The Compressive and Flexural Strengths of Self Compacting Concrete Using Rice Husk Ash
James E. O. Ovri*, Ovie P. Umukoro
Department of Materials and Metallurgical Engineering, Federal University of Technology, Owerri, Imo state, Nigeria
The compressive and flexural strengths of concrete using rice husk ash (RHA) as partial replacement for cement is investigated.The RHA substituted in place of cement were 0,10, 20, 30, 35 and 100%RHA. The specimens were cured for a period of 7, 14, 21, 28 and 35- day respectively and it was observed that the control specimen(0% RHA) experienced defects such as efflorescence but the RHA-ordinary Portland cement(OPC) specimens did not. The 100% RHA specimen were unable to set and this is perhaps due to the absence of the by-products of hydration process such as calcium-silicate-hydrate (C-S-H) gel known as tobermorite and calcium hydroxide,Ca(OH)2, and the high SiO2 content compared tothe low content of other important compounds such as Al2O3 and Fe2O3 in the mix. The compressive and flexural strengths of the concrete were found to decreased with increase in RHA contents with the 10% RHA replacement having the optimum value for improved structural performance at 28-day( control: 22.93N/mm2 and 8.73 N/mm2, specimen: 22.22 N/mm2and 6.60 N/mm2)for compressive and flexural strengths. It can be concluded that RHA can be used as a partial replacement for cement in concrete, with the 10%RHA giving the optimum compressive and flexural strengths.
Received: April 8, 2015
Accepted: April 25, 2015
Published online: May 28, 2015
@ 2015 The Authors. Published by American Institute of Science. This Open Access article is under the CC BY-NC license. http://creativecommons.org/licenses/by-nc/4.0/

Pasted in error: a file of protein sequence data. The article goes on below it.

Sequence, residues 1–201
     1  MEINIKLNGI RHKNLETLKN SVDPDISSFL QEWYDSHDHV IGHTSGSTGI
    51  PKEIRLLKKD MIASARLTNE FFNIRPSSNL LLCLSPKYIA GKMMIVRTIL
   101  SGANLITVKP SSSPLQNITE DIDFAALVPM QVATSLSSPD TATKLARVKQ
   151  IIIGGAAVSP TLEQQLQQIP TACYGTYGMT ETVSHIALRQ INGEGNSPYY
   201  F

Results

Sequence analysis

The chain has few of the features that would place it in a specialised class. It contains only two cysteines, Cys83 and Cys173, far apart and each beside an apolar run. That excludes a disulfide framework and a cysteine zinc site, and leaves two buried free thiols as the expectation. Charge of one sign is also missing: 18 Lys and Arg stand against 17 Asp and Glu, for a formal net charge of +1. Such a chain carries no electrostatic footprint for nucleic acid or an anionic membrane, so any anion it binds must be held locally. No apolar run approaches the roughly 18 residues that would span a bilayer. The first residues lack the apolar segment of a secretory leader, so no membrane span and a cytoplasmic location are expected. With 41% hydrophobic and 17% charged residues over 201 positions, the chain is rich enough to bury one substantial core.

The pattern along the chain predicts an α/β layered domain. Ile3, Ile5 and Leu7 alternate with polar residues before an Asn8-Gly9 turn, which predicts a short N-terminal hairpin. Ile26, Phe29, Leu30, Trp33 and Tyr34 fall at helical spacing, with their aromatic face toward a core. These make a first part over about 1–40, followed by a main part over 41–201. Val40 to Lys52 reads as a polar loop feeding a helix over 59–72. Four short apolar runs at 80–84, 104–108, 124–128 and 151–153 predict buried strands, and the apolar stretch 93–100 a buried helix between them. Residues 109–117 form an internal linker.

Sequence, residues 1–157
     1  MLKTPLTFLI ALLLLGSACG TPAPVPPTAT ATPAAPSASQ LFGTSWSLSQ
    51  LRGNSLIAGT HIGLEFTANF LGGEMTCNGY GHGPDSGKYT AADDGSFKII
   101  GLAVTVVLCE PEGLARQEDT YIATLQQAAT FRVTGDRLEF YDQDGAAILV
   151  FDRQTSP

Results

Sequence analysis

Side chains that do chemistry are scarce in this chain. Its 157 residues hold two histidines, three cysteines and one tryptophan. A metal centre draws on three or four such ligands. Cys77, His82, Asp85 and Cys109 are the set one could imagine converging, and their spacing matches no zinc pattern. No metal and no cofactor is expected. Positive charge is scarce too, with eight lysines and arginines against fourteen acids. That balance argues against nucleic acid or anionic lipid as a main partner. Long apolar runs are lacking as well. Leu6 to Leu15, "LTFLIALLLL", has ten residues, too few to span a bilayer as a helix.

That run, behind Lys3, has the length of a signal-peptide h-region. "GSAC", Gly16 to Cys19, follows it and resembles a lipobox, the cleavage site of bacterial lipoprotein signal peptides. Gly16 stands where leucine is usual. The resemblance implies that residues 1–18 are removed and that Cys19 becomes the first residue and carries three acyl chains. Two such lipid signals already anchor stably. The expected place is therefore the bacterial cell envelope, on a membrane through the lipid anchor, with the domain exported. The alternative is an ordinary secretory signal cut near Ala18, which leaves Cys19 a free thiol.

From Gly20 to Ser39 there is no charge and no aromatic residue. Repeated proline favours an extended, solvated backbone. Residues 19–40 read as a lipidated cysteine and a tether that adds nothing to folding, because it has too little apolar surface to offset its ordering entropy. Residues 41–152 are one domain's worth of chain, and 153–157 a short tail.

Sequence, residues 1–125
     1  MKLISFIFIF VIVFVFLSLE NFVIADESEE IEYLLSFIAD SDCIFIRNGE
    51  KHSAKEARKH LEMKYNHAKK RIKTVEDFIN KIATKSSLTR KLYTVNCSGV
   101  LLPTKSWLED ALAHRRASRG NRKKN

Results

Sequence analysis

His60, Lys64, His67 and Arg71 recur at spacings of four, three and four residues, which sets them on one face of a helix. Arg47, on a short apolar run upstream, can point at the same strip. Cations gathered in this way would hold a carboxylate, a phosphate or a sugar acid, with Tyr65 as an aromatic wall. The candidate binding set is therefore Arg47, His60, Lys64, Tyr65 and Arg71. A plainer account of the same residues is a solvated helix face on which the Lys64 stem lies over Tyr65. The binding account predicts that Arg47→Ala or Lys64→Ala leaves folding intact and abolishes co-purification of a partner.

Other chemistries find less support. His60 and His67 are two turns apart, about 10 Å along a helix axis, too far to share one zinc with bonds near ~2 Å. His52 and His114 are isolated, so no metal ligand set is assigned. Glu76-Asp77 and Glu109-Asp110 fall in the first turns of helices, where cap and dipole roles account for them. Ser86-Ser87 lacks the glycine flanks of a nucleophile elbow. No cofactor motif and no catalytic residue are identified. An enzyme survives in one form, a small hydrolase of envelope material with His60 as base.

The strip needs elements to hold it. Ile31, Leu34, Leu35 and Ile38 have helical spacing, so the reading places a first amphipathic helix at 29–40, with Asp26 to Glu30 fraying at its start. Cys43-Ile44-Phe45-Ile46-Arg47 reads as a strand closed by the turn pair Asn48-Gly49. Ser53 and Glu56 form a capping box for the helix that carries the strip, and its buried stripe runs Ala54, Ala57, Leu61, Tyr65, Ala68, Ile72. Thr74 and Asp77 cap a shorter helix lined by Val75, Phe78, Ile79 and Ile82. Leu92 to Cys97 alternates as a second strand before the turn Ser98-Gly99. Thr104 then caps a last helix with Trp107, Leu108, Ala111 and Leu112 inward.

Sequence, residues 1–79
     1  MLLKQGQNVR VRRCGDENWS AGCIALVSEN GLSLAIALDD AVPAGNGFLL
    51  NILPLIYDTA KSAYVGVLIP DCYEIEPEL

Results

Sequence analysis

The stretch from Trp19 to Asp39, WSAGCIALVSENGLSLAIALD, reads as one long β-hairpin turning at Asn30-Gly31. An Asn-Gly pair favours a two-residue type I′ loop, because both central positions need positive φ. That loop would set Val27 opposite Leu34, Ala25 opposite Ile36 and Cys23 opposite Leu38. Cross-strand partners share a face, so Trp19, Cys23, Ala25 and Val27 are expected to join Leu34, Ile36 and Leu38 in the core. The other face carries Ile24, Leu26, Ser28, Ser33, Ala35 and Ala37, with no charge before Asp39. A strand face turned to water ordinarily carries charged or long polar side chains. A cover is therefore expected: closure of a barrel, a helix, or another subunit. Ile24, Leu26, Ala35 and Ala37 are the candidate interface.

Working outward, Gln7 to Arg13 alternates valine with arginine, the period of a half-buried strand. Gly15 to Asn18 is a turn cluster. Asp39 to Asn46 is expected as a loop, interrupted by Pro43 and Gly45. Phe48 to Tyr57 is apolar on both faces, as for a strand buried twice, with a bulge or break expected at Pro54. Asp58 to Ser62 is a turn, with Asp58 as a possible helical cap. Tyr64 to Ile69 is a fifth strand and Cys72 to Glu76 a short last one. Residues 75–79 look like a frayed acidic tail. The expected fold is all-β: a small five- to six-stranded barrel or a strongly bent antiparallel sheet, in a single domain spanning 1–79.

There has been an alarming rate of increase in the price of building materials in recent years. This has engineered the government to sourced materials to supplement the conventional materials. It is in this regard that this work, private sectors and individuals have to go in search with intends to study with a view to partially replace cement in concrete with rice husk ash(RHA) which is locally available. The whole concept of this idea is to ensure that an average working class citizen of this country(Nigeria) will be able to own a house.
Concrete is a composite material which consists essentially of a binding medium within which are embedded particles or fragments of a relative inert filler in Portland cement concrete, the binder is a mixture of Portland cement, possibly additional cementitious materials such as fly ash and water, the filler may be any of a wide variety of natural or artificial, fine and coarse aggregates, and in some instances, an admixture according to (Power, 1858, Topcu and Uygunogle, 2010). Concrete is presently one of the most popular materials used in building construction and other civil engineering works. When reinforced with steel, it has a higher capacity for carrying loads. Concrete being a heterogeneous material, the quality of the constituents and the proportions in which they are mixed, determine its strength and properties.
(Ad, 2005) reported in ECO-CARE: vast majority of the cement used in construction work is the Portland cement. Portland cement is manufactured by mixing naturally occurring carbonate with materials containing calcium carbonate with substances containing alumina, silica and iron oxide. (ASTM 618-05, 2005) define pozzolana as siliceous or siliceous and aluminous materials which in themselves have little or no cementitious properties but in finely divided form and in the presence of moisture, they react with calcium hydroxide which is liberated during the hydration of Portland cement at ordinary temperatures to form compounds possessing cementitious properties. They include punice, tuffa, volcamic ash, diatomaceous earth, calcined clay, shales, and pulverized-fuel ash (PFA) of fly ash. According to ASTM (2005), by-product material admixtures such as fly ash, RHA, and ground granulated blast furnace slag are attracting much attention as materials that not only contribute to improvement of concrete performance (for example, high strength, high durability, and reduction of heat of hydration) but are also indispensable to the reduction of energy and carbon-dioxide generated in the production of cement (Okamura and Ouchi, 2003).